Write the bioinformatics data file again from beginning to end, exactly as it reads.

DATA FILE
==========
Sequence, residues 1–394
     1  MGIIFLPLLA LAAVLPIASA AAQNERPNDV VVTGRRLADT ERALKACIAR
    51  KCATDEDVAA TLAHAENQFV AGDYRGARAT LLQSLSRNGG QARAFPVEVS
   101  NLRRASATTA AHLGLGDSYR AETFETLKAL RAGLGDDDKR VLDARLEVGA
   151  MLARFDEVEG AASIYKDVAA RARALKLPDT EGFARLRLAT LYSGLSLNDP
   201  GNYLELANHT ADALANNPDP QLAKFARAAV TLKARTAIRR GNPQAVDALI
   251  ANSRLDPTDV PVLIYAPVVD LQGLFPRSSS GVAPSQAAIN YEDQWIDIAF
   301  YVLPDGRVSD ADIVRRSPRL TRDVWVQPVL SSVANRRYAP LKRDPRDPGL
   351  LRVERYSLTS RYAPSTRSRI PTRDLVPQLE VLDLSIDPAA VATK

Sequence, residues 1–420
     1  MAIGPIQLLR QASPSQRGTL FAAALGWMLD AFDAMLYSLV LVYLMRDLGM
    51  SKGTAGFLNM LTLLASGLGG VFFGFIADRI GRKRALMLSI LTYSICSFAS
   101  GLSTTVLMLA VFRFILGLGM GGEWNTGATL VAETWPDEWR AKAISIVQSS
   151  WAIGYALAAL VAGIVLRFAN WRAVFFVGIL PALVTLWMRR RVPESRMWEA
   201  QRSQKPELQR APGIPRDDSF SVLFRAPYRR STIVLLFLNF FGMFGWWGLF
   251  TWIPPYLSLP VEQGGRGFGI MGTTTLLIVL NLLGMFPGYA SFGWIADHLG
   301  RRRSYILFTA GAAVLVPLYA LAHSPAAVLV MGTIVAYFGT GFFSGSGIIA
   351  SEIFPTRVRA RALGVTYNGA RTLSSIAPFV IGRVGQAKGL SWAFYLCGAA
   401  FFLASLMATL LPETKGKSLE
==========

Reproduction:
Sequence, residues 1–394
     1  MGIIFLPLLA LAAVLPIASA AAQNERPNDV VVTGRRLADT ERALKACIAR
    51  KCATDEDVAA TLAHAENQFV AGDYRGARAT LLQSLSRNGG QARAFPVEVS
   101  NLRRASATTA AHLGLGDSYR AETFETLKAL RAGLGDDDKR VLDARLEVGA
   151  MLARFDEVEG AASIYKDVAA RARALKLPDT EGFARLRLAT LYSGLSLNDP
   201  GNYLELANHT ADALANNPDP QLAKFARAAV TLKARTAIRR GNPQAVDALI
   251  ANSRLDPTDV PVLIYAPVVD LQGLFPRSSS GVAPSQAAIN YEDQWIDIAF
   301  YVLPDGRVSD ADIVRRSPRL TRDVWVQPVL SSVANRRYAP LKRDPRDPGL
   351  LRVERYSLTS RYAPSTRSRI PTRDLVPQLE VLDLSIDPAA VATK

Sequence, residues 1–420
     1  MAIGPIQLLR QASPSQRGTL FAAALGWMLD AFDAMLYSLV LVYLMRDLGM
    51  SKGTAGFLNM LTLLASGLGG VFFGFIADRI GRKRALMLSI LTYSICSFAS
   101  GLSTTVLMLA VFRFILGLGM GGEWNTGATL VAETWPDEWR AKAISIVQSS
   151  WAIGYALAAL VAGIVLRFAN WRAVFFVGIL PALVTLWMRR RVPESRMWEA
   201  QRSQKPELQR APGIPRDDSF SVLFRAPYRR STIVLLFLNF FGMFGWWGLF
   251  TWIPPYLSLP VEQGGRGFGI MGTTTLLIVL NLLGMFPGYA SFGWIADHLG
   301  RRRSYILFTA GAAVLVPLYA LAHSPAAVLV MGTIVAYFGT GFFSGSGIIA
   351  SEIFPTRVRA RALGVTYNGA RTLSSIAPFV IGRVGQAKGL SWAFYLCGAA
   401  FFLASLMATL LPETKGKSLE